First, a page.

However, unless protecting species I don't see any need to genetically modify animals (as I'm excluding the idea of making them better "food").

Alright.

Reise
September 13th, 2016, 09:14 AM
Personally I'm more a fan of both the parent and child not deciding what they fundamentally physiologically look like, rather than the child realising that they are permanently such and such because the parents thought it would be nice for them. I mean, it can be done, but could people not just be okay with their hair/eye colour as examples?
At a moment you can't think with today's standards where a lot of people still criticize adoption for the same reasons
If such technologies becomes widely available things will change.
I can't predict the future but if such customs come to existence one day I won't be surprised, and I won't especially be against it.
Even if such an idea is lightly "spooky", "sick", whatever.


If such genetic alterations are done, I expect that the children with these alterations will be fertile and a generation off these future adults will 'default' have features coming from the decisions of those 2 generations ago, unless another round of genetic alteration is done again. It can be done, but whatever the logistics of it are, I would wonder if a good proportion of humans would have their fundamental appearance as such because of the fashion/etc tastes of the previous generation.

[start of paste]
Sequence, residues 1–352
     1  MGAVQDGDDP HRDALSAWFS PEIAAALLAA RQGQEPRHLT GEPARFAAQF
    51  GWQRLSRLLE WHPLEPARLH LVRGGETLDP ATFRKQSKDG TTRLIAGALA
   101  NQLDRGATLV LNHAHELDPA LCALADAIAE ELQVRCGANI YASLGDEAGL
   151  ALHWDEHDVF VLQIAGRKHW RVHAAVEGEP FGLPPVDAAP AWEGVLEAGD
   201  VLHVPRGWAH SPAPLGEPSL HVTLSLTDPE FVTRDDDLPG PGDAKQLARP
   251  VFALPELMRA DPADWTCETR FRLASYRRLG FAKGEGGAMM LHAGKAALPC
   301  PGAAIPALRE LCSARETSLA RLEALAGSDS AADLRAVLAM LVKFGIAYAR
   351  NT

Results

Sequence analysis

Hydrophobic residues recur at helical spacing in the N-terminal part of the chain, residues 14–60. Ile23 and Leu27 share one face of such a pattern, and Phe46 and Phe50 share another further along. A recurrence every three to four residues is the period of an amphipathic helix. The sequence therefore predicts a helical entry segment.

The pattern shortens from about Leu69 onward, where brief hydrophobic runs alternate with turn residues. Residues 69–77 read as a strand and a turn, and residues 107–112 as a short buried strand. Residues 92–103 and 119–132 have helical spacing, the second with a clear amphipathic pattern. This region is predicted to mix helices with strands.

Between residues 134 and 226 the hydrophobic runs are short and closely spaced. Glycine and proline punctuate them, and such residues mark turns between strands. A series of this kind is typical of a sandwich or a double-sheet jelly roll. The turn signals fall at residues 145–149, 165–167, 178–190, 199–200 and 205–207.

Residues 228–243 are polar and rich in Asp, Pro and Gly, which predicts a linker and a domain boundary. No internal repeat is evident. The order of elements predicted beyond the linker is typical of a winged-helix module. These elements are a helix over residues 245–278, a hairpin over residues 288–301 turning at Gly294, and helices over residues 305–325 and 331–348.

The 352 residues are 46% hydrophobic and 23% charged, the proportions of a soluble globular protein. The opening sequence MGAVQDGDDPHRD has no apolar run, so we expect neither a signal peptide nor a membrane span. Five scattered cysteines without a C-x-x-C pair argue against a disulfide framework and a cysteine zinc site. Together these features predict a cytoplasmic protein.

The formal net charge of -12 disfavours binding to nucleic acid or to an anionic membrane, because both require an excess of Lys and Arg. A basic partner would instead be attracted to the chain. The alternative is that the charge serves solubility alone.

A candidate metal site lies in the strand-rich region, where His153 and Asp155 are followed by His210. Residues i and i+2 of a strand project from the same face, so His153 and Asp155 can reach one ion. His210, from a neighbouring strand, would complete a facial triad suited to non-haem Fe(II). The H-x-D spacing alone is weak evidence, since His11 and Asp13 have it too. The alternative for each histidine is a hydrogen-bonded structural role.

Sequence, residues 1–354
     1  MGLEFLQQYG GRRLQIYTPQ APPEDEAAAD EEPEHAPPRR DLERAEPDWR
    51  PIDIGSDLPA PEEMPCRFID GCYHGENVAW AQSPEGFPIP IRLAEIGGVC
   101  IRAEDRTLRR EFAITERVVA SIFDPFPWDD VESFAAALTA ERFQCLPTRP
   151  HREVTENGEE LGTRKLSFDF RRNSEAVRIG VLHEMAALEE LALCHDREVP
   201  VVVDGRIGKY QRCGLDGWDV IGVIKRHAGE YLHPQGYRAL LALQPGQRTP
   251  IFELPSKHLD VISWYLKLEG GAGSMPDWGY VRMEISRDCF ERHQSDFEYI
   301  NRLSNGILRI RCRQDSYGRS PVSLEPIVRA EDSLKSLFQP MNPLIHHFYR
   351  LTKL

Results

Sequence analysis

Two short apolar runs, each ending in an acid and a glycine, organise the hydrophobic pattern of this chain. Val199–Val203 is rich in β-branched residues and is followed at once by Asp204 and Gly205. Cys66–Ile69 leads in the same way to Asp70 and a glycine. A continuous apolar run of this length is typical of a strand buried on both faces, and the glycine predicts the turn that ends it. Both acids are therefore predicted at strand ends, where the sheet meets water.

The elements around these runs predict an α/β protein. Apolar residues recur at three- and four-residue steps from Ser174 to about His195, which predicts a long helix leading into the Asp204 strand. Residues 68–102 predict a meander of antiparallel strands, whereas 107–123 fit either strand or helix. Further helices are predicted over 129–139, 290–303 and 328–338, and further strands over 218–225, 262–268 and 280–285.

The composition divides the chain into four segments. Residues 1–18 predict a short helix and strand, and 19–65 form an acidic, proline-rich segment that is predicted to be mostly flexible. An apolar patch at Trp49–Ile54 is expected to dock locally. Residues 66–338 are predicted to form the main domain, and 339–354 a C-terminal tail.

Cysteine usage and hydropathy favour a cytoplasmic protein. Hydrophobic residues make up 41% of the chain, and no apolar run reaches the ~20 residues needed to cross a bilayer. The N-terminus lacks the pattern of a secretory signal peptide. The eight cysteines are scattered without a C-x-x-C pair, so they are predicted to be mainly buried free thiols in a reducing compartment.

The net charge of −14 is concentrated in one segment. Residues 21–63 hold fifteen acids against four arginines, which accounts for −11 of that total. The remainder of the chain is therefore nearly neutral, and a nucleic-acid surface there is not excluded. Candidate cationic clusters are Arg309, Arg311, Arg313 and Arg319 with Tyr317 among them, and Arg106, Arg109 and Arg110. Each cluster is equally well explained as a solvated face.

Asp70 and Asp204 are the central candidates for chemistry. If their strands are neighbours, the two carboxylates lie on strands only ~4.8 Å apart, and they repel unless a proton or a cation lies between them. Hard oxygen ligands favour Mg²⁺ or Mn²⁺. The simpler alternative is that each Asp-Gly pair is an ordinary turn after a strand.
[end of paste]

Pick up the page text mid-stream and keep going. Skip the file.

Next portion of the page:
The point is not to create a master race by the way.
I assume parents' behaviors (and thus, human behaviors) are wide enough so we everyone won't look the same. I'll agree that it would be a disaster on a "evolutionary" basis if certain traits came to be discriminated by aesthetics reason.


I'm not wanting to take a stereotypical conservative stance on this. Rather I am suggesting what I'm seeing as potential body insecurities getting to a level where your descendants live with the direct consequences of your actions because of this insecurity. If I was one such descendant I wouldn't be majorly upset (personally), but I would be asking why my parents thought it alright to have them predetermine certain permanent aspects of my body before I would have any say in it.
Your parents even nowadays have a considerable weight in the determination of the person you'll be. The way they raise you, feed you etc.
In the end, you're like your parents created you, nah?
Furthermore if such kind of things is done it'll probably be by gametes modification or at a very early stage of the pregnancy process, like before natural implantation.


By no significant physical modification, do you mean no noticeable physiological traits?
I mean it better not end up with someone wanting a third arm.
Better see it as an evolved aesthetic surgery.

Lifespan extension will surely be very common, this raise other problems of course.

ImCoolBeans
September 13th, 2016, 11:23 AM
I believe genetic engineering is wrong and unnatural. I know there is no fully turning back at this point but I believe we're unfortunately going to go too far with it. I hear people say all of the time that life is a miracle and that we should cherish it. I don't think that we should be toying with it and playing creator. It's a dangerous, and unforeseen road that I doubt we understand to its full extent.